EYEWITNESS LOCAL NEWSFormer Mingo County Circuit Judge Admits Role In Conspiracy
from Eyewitness News Online
Reported by: Kennie Bass
Videographer: Larry Clark, Matt Durrett
Web Producer: Kennie Bass
Reported: Oct. 2, 2013 7:45 PM EDT
Updated: Oct. 3, 2013 9:09 AM EDT
Charleston , Kanawha County , West Virginia
Former Mingo County Circuit Judge Michael Thornsbury pleaded guilty in federal court to a charge of conspiracy, just hours after he submitted his resignation from the bench to the West Virginia Supreme Court.
Thornsbury admitted he worked with others to deny a suspected drug dealer to hire the attorney of his choice.
Although he declined to talk on camera, Thornsbury said he took part in the scheme to protect his friend, then-Mingo County Sheriff Eugene Crum, from embarrassment. Thornsbury says Crum told him accusation the he broke the law were false.
The conspiracy centered around a plan to protect Crum's reputation from accusations he'd bought drugs from a campaign sign maker. Crum allegedly orchestrated the arrest of George White in February to avoid paying him a $3,000 debt. Crum, Thornsbury and several others allegedly conspired to have White fire his attorney to stop his cooperation with federal investigators.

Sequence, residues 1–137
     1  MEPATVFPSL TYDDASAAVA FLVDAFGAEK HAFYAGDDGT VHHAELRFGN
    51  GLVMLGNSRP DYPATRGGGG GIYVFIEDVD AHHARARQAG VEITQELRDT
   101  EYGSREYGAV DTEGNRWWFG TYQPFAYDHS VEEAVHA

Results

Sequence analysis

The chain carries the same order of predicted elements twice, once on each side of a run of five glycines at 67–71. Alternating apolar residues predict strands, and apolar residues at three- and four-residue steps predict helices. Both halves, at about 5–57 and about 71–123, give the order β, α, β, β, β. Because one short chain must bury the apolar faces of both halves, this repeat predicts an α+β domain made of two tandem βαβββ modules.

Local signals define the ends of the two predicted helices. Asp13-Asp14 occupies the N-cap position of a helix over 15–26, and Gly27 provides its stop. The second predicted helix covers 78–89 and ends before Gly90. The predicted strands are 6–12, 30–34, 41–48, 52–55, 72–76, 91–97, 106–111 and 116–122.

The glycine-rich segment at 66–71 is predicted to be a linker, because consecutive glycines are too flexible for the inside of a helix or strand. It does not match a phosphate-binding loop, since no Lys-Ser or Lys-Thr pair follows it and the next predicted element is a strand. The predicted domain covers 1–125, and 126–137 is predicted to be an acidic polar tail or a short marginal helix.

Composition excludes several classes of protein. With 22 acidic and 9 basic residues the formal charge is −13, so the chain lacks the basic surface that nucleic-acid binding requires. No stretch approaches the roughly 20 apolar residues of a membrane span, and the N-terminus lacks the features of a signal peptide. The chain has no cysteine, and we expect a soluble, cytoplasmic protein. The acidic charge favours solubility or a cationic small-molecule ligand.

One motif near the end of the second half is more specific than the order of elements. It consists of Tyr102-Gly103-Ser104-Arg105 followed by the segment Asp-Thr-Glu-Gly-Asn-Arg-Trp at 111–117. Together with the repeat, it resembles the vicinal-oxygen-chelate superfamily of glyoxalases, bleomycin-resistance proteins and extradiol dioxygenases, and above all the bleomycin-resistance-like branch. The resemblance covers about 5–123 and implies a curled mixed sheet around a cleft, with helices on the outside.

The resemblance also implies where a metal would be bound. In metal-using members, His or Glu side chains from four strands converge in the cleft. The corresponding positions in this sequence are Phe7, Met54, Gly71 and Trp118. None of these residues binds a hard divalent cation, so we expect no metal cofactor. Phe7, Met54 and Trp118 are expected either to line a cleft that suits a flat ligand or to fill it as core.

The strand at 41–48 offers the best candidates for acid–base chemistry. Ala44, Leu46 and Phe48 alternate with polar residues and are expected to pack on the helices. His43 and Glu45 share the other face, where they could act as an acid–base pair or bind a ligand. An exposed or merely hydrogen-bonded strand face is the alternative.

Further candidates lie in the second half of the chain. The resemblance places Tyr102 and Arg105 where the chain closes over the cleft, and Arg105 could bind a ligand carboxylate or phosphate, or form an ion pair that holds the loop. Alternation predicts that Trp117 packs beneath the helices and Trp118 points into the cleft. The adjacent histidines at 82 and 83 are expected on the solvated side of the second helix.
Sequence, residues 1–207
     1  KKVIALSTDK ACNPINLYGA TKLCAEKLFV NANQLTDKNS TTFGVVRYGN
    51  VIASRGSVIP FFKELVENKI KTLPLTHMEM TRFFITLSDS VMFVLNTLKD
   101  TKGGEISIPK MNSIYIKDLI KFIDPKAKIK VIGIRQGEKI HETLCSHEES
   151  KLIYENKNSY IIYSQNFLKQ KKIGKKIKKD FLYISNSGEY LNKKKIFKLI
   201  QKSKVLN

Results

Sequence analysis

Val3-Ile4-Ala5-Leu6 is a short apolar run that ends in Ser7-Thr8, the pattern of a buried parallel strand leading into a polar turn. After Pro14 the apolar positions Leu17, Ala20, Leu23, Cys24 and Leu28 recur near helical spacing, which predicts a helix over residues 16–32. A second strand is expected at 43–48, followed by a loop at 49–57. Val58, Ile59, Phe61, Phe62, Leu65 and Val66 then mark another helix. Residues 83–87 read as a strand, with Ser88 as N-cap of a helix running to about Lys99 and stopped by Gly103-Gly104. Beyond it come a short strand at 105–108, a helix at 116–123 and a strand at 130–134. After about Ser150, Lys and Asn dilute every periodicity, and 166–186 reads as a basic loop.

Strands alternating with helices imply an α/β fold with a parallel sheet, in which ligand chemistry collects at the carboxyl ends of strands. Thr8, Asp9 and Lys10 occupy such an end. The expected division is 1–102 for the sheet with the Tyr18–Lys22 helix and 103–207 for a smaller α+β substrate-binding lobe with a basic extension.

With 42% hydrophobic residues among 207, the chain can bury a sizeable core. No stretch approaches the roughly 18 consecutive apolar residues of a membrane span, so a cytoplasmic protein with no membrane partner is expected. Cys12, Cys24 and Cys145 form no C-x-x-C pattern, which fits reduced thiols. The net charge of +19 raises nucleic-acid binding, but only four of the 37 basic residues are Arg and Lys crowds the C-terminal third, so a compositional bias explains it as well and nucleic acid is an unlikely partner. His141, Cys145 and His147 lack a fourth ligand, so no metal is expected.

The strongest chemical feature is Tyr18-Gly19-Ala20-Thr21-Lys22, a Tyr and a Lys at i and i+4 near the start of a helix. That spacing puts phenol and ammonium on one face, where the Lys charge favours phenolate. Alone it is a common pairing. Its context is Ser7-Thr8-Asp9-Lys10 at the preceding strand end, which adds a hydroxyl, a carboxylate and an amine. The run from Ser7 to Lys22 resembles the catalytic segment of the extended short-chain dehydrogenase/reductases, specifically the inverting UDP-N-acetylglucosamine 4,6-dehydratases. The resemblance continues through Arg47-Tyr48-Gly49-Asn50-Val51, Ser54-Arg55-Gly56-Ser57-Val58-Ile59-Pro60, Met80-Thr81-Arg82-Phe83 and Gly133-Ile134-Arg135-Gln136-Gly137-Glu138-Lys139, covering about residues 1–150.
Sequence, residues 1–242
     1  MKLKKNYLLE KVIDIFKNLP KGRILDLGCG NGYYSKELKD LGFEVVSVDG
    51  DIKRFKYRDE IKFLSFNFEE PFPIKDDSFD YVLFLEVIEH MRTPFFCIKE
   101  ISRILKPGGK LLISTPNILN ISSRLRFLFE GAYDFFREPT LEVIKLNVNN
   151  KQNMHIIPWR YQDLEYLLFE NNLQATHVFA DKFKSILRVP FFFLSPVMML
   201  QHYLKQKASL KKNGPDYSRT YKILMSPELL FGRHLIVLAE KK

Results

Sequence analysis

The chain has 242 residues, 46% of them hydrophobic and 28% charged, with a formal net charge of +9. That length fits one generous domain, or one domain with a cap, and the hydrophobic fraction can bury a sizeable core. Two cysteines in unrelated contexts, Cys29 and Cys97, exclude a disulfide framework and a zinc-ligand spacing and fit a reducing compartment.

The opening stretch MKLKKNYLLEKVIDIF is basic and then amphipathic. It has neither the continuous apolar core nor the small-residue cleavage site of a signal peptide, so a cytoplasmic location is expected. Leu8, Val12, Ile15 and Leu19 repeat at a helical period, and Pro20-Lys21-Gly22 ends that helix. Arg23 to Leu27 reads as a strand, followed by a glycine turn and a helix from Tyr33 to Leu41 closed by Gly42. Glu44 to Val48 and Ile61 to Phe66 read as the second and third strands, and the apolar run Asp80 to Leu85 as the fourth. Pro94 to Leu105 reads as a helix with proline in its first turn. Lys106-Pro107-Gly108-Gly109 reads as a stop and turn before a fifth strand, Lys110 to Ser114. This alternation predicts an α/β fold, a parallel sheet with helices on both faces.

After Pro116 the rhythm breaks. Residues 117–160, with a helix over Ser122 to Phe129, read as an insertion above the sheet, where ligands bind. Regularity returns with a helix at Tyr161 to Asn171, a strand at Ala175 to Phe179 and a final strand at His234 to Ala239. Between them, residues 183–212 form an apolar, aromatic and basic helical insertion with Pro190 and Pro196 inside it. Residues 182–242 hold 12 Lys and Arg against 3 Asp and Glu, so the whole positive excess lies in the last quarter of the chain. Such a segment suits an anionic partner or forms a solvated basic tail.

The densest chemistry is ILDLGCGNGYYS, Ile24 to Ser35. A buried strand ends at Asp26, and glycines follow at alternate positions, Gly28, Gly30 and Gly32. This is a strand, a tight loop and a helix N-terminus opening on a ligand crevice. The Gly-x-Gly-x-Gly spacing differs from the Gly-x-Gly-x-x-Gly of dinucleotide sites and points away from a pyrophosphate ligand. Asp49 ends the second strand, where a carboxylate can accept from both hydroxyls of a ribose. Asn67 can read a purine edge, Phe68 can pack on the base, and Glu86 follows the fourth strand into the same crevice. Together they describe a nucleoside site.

In exchange for Thornsbury's plea, prosecutors say they will dismiss charges in a separate case in which he is accused of framing his former secretary's husband.
"A judge swears an oath to uphold the constitution and to abide by the highest standards of integrity," U.S. Attorney Booth Goodwin said. "For a judge to have violated someone's constitutional rights is really beyond the pale. But to violate someone's rights in order to obstruct a federal investigation...that's really unthinkable."
Crum's widow Rosie, who was appointed Mingo County Sheriff after his murder and then later resigned, attended the plea hearing. She was accompanied by Kanawha County prosecutor Mark Plants, who is handling Crum's murder case.
Crum was shot in his vehicle while eating lunch in downtown Williamson in April.
In addition to requiring his resignation, the plea agreement bars Thornsbury from ever seeking elected office again. Additionally, Thornsbury says he will not fight any disbarment proceedings.
U.S. District Judge Thomas Johnston set Thornsbury's sentencing for January 13. He faces up to 10 years in prison and a $250,000 fine.
Thornsbury is free on a $10,000 bond.
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